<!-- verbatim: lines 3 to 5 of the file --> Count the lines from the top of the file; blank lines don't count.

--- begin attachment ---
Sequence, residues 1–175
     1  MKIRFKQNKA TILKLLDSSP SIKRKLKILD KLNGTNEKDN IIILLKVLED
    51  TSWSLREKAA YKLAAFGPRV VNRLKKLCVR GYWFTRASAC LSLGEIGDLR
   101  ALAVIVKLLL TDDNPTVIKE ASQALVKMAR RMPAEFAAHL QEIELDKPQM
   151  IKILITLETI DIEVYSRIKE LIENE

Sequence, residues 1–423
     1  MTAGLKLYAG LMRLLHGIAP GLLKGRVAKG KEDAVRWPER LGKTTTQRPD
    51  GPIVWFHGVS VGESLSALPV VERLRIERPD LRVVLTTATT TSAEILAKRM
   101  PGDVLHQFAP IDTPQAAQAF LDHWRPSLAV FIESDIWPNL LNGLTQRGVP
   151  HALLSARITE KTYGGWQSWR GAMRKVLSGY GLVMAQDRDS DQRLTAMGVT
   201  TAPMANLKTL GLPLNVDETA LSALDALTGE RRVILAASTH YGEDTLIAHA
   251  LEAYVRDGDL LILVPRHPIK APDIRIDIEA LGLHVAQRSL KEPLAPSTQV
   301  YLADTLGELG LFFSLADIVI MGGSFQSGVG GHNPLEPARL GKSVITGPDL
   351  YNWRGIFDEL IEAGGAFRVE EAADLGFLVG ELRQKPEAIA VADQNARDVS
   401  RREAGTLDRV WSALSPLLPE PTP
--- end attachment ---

    51  TSWSLREKAA YKLAAFGPRV VNRLKKLCVR GYWFTRASAC LSLGEIGDLR
   101  ALAVIVKLLL TDDNPTVIKE ASQALVKMAR RMPAEFAAHL QEIELDKPQM
   151  IKILITLETI DIEVYSRIKE LIENE